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The Book of Roots: Advanced Vocabulary Building from Latin Roots Review by Jill Hardy

Paul O'Brien
Memoria Press

The Book of Roots, published by Memoria Press, is touted as both a "self contained vocabulary course" and a supplementary study for those using Latina Christiana, Memoria Press's Latin curriculum. We've recently given up on the study of Latin as a formal subject in our household, but one of my conditions in allowing that change was that we continue to study roots, so I was curious to see how well the program did in that regard.

At first glance, the book is a little confusing; there is no separate teacher's manual, just some introductory notes at the front to give you an overview and some explanations. This might make it a little tricky if you're used to having your own set of guidelines and reminders, and a little uncomfortable if you have to keep looking at your child's book. Latina Christiana, the Latin program that The Book of Roots is designed to complement, is suggested for children as young as third grade, and the publisher's recommended ages for The Book of Roots begins there, also, but I really think that this program is much better suited for older children, probably middle school aged at least.

The main reason is the sheer amount of information in the curriculum; not only does each lesson show the primary Latin root word, several secondary roots, and their English derivatives, but the root is shown in its complete form, verbs with four principal parts and nouns with nominative and genitive singular forms. Now, this is a good idea for the reason that many English derivatives come from the fourth principal part of the verb, or the genitive singular of the noun, but it's a lot to digest and remember. A student would also need to have a fairly good grasp of grammar to internalize it, and not all third graders (or even fourth or fifth graders) would be at that point yet.

There's also a great deal to do, in addition to the lessons in the book, if you follow the program to the letter; the notes and introduction suggest having the student complete Drill Worksheets (a reproducible, included in the book) for each word, to keep for reference, memorize a significant number of prefixes and suffixes, identify (and manipulate) the six attributes of the verb (if the word is a verb), and if the word is a noun, identify the gender and gender cause (natural and grammatical). You, the teacher, are encouraged to engage the student in conversation about the derivatives and include them in spelling assignments. All of these are wonderful ideas, but they represent a significant commitment, especially in addition to a full Latin program. Even if this is approached as a stand-alone roots study, it's not simple or designed to be done independently (although a bright, older middle school student or high schooler could probably do it that way).

A Basic Reference in the back of the book provides a quick go-to guide for roots and their derivatives, listed alphabetically by both derivative and Latin root, which would serve as a wonderful review system. But the Advanced Reference that is included, in addition to the Basic one, is what sets this program apart from the rest, in my mind; it provides a thumbnail sketch description of the process of derivativation (say that four times, fast) from Latin, an outline of a few patterns to look for when discerning derivatives (Latin nouns ending in -ficare often have English derivatives that end in -fy, etc.), and a glossary similar to the one in the Basic Reference that has the added bonus of the Latin variants as well as the root words. If you're using the Latina Christiana series, this list is much more extensive than the one in Latina Christiana I, for the purpose of showing explicitly how English derivatives fall into types and patterns.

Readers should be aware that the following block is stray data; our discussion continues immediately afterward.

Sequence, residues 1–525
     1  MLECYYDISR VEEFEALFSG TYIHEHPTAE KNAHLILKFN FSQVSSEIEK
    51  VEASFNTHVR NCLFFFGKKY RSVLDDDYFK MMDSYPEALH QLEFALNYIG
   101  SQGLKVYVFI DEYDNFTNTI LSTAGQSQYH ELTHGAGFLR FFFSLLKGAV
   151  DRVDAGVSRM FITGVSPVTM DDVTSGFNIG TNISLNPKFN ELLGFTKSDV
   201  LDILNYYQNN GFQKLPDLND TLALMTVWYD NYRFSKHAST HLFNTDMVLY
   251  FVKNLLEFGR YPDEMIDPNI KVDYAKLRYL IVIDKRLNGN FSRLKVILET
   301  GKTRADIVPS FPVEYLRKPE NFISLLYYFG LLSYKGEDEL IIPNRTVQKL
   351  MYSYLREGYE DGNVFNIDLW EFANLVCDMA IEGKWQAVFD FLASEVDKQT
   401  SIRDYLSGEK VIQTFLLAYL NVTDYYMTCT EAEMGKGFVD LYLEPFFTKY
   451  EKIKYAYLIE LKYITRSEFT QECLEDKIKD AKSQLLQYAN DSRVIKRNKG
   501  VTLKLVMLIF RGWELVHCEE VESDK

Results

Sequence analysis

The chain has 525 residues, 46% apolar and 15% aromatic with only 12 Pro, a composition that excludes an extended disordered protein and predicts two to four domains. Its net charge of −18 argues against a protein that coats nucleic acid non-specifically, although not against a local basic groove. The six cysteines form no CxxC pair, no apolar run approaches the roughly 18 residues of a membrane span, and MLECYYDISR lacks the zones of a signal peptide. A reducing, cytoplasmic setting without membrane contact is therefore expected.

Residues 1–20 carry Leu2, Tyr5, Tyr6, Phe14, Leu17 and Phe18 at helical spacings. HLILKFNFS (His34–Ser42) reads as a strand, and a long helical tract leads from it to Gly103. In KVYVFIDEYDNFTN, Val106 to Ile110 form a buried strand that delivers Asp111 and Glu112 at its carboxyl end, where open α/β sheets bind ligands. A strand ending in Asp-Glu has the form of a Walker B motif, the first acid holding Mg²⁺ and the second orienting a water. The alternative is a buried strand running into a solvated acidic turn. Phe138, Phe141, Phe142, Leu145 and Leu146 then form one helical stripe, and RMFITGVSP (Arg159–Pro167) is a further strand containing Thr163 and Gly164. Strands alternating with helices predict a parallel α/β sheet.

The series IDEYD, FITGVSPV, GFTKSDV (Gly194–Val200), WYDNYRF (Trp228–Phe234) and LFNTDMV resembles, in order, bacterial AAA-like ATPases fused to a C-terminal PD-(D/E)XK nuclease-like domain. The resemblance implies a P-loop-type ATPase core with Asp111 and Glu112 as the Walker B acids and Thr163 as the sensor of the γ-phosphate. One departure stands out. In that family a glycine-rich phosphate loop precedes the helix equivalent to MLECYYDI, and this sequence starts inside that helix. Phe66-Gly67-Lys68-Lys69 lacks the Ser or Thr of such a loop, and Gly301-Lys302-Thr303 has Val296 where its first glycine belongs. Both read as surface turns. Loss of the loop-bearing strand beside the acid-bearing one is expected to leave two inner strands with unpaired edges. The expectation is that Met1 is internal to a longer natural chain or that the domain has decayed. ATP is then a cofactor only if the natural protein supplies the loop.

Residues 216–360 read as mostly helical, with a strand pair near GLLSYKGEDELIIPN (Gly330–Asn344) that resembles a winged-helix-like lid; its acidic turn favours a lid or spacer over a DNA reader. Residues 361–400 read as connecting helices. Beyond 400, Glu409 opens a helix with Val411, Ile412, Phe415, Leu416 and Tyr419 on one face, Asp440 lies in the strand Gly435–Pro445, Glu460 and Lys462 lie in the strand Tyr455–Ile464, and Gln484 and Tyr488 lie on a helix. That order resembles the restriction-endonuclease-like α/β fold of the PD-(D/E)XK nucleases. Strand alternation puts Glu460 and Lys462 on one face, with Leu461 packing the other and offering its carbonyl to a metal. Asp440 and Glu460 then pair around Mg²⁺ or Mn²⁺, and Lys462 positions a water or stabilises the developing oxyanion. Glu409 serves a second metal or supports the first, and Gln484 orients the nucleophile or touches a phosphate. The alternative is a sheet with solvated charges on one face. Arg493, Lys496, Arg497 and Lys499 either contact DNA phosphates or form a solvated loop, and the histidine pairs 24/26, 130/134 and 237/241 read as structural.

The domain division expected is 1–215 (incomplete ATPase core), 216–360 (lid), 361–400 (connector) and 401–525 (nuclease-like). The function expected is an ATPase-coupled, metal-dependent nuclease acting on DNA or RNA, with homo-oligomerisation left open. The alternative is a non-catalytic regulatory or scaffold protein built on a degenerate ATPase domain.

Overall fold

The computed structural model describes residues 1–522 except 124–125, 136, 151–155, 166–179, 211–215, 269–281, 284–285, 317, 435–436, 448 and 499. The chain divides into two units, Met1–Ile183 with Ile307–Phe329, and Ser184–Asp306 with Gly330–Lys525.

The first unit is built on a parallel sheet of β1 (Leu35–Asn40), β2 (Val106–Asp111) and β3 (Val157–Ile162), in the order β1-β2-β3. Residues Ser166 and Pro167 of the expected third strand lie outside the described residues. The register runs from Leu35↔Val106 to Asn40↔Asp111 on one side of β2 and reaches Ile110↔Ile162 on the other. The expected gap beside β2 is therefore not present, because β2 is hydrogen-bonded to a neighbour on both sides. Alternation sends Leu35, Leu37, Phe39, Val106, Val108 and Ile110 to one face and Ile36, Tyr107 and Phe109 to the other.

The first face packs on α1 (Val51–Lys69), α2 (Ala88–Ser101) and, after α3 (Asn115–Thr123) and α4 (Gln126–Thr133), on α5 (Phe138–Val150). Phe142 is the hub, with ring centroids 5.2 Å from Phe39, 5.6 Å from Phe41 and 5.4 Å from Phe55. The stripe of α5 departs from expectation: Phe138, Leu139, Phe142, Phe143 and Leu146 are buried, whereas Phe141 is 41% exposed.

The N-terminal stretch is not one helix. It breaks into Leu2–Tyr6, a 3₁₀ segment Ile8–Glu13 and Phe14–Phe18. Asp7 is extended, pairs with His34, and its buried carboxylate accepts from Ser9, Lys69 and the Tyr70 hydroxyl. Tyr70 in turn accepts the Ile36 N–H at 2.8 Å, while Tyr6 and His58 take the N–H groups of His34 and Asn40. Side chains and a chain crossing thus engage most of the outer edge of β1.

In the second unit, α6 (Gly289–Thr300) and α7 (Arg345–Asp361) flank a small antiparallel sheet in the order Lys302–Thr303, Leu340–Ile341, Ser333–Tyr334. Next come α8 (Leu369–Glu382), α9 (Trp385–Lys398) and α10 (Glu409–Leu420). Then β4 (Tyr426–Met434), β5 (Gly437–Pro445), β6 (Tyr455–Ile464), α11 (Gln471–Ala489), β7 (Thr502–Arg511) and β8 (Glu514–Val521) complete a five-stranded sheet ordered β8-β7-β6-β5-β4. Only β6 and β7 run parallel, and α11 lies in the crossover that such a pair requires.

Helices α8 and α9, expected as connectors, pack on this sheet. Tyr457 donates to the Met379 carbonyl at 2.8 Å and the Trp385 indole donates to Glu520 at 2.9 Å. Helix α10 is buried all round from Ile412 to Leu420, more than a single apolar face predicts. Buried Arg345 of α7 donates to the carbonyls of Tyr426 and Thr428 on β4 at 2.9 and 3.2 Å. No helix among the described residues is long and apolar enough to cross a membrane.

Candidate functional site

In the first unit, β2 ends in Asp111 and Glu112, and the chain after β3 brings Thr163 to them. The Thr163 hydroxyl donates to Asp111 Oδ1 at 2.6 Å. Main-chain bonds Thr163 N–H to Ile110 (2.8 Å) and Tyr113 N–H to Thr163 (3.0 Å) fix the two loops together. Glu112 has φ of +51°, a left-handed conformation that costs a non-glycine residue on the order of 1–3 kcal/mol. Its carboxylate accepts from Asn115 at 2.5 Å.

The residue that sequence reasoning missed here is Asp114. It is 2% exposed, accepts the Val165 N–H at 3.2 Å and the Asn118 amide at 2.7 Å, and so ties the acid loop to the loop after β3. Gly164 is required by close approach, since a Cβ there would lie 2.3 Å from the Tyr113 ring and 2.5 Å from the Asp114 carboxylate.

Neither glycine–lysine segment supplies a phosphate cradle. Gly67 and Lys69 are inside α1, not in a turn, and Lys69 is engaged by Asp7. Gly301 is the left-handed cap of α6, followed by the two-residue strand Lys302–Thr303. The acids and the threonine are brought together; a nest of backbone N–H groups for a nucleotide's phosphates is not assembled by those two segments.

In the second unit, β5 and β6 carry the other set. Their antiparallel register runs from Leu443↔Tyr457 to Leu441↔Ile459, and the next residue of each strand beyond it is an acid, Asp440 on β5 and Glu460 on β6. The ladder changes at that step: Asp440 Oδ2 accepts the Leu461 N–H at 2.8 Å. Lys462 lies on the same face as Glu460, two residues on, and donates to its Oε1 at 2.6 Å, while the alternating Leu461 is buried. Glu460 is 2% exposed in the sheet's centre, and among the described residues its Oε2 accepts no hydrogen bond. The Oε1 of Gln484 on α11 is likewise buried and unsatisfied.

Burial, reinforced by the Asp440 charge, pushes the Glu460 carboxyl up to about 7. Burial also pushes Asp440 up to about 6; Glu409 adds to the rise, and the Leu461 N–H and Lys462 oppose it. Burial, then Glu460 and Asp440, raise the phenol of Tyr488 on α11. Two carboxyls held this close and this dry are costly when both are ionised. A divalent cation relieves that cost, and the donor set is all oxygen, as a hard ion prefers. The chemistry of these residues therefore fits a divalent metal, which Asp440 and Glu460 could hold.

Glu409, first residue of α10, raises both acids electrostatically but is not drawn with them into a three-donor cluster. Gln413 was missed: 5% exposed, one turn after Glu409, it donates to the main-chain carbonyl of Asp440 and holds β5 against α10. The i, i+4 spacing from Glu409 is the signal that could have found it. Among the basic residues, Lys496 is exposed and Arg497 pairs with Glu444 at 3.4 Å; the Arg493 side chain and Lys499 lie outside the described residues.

Here are my impressions after going through this book: if you have a young child studying Latin formally, especially with a program that concentrates on grammar, then this might be a bit of an overload for your student. Over time, a detailed study of Latin itself, with an emphasis on grammar, would likely yield results similar to those achieved by using The Book of Roots. This book serves as a great bridge between English and Latin, filling in the blanks that a student starting the study of Latin somewhat late in their academic career might find useful, and the method and material is much better suited (in my mind) to an older child, as well. A high schooler who has never studied Latin would no doubt benefit from this as a "crash course" in Latin roots, with the Advanced Reference in the back of the book providing enough basic material to give a student a superior vocabulary study.

I have to add that I don't totally agree with the publisher's description of the book, in stand-alone form, as an "ideal standardized test prep course." While an understanding of Latin roots is certainly advantageous when deciphering unknown English derivatives, we can't ignore the importance of having at least a passing knowledge of Greek roots, as well.

But as far as Latin-only root studies go, I think that this book represents the best of the best; not only is it exhaustive in its content, but the added bonus of teaching the how behind the process (through the additional reference in the back) puts it a step above other programs.

Product review by Jill Hardy, The Old Schoolhouse® Magazine, LLC, September 2006